Patent application title: OPEN HOLE STIMULATION WITH JET TOOL
Yang Xu (Houston, TX, US)
Michael H. Johnson (Katy, TX, US)
BAKER HUGHES INCORPORATED
IPC8 Class: AE21B4326FI
Class name: Processes placing fluid into the formation fracturing (epo)
Publication date: 2011-05-19
Patent application number: 20110114319
Patent application title: OPEN HOLE STIMULATION WITH JET TOOL
Michael H. Johnson
IPC8 Class: AE21B4326FI
Publication date: 05/19/2011
Patent application number: 20110114319
A fracturing method for preferably open hole uses fluid velocity
impinging on the wellbore wall to initiate fractures. Telescoping members
that extend using nozzles inside them but come out to a distance from the
wellbore wall can be used. Fixed nozzles that do not extend are also
another option. The nozzles can be eroded or corroded as the fracturing
takes place or they can be made of sufficiently durable materials or have
coatings to withstand the erosive effects of high velocity slurries
pumped to impinge the wellbore wall to initiate fractures.
1. A completion method for fracturing in open hole below a cased hole,
comprising: fixedly supporting a string from the cased hole, said string
having at least one opening into a desired location in open hole;
impinging the formation at said desired location with fluid pumped
through said opening; fracturing said formation with said impinging.
2. The method of claim 1, comprising: providing a telescoping member at said opening; actuating said telescoping member to move closer to the formation while still leaving a gap.
3. The method of claim 1, comprising: selectively opening a valve that covers said opening.
4. The method of claim 1, comprising: providing at least one seal outside said string for isolation of said desired location when fracturing.
5. The method of claim 1, comprising: providing a nozzle in said opening having an outlet defining a gap to the formation; increasing velocity of pumped fluid using said nozzle.
6. The method of claim 2, comprising: providing a nozzle in said telescoping member; using pumped flow through said nozzle to extend said telescoping member.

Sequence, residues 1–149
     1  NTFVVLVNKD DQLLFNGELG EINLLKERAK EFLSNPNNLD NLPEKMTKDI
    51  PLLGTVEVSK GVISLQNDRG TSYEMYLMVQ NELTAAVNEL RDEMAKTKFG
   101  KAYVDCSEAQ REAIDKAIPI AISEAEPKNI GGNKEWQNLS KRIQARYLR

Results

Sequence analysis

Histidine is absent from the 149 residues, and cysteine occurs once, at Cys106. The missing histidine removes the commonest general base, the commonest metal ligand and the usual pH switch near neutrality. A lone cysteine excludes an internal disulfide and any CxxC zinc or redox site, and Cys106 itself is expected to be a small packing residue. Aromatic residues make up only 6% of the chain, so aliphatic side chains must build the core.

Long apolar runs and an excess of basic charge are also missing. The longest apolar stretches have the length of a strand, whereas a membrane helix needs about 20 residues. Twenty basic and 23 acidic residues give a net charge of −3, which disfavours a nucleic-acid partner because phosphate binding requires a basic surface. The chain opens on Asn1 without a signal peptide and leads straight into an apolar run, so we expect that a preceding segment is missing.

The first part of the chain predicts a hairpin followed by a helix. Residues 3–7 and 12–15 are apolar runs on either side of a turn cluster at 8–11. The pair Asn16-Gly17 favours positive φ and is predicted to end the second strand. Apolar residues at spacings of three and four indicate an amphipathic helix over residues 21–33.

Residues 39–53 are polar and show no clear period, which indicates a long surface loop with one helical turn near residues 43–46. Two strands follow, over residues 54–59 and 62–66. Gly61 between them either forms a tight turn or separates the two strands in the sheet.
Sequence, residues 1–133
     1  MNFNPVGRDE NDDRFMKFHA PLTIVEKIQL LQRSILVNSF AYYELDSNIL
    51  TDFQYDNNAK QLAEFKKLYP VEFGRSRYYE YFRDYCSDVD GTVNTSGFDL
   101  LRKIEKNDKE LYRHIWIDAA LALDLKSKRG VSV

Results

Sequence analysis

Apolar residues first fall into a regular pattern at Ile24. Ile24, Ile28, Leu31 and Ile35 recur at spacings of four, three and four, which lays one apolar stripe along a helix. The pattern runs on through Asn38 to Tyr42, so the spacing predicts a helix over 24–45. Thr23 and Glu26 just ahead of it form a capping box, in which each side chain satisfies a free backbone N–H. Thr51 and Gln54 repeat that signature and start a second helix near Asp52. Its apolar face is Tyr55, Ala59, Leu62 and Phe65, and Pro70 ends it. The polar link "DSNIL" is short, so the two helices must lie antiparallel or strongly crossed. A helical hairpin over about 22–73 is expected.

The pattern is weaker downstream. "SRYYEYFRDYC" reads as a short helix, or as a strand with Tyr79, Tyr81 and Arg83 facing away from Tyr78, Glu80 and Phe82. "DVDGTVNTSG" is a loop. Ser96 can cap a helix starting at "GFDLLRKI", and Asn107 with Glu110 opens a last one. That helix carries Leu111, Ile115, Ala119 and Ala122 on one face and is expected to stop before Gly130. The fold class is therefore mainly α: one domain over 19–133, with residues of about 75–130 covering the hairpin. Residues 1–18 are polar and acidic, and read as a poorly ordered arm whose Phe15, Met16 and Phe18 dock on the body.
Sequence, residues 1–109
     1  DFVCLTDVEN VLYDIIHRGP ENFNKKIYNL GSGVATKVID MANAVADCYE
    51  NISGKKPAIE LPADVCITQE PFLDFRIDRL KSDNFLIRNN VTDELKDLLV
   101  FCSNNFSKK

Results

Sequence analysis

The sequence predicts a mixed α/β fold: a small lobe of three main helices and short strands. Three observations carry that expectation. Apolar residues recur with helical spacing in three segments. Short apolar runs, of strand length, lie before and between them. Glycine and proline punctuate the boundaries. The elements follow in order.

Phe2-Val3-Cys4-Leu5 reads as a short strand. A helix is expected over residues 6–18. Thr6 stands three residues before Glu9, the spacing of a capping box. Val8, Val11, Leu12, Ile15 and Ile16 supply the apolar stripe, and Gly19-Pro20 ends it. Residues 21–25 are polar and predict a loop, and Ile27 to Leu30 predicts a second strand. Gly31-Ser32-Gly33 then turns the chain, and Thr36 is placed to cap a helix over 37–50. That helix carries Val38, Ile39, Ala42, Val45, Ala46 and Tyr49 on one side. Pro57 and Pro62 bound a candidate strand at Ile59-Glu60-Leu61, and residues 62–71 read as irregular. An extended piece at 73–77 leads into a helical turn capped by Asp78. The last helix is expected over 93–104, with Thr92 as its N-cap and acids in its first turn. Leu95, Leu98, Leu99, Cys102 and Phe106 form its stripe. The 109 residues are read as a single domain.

7. The method of claim 6, comprising: using pumped fluid to erode or corrode said nozzle after said telescoping member is extended.
8. The method of claim 1, comprising: using a plurality of openings as said at least one opening; providing sequential access to groups of said openings using a plurality of valves.
9. The method of claim 8, comprising: using a plurality of external isolators on said string to define sequential isolation locations for fracturing through groups of said openings.
10. The method of claim 8, comprising: associating seats of different sizes with said plurality of valves; introducing objects sequentially onto said seats to at least open said valves.
11. The method of claim 10, comprising: using said objects to isolate locations already fractured.
12. The method of claim 8, comprising: providing nozzles in said openings; increasing velocity of pumped fluid using said nozzles.
13. The method of claim 8, comprising: providing telescoping members at said openings; actuating said telescoping members to move closer to the formation while still leaving gaps.
14. The method of claim 13, comprising: providing a nozzle in said telescoping member; using pumped flow through said nozzle to extend said telescoping member.
15. The method of claim 14, comprising: using pumped fluid to erode or corrode said nozzle after said telescoping member is extended.
FIELD OF THE INVENTION
 The field of the invention is fracturing and more particularly a method for fracturing in open hole using impinging force on the formation.
BACKGROUND OF THE INVENTION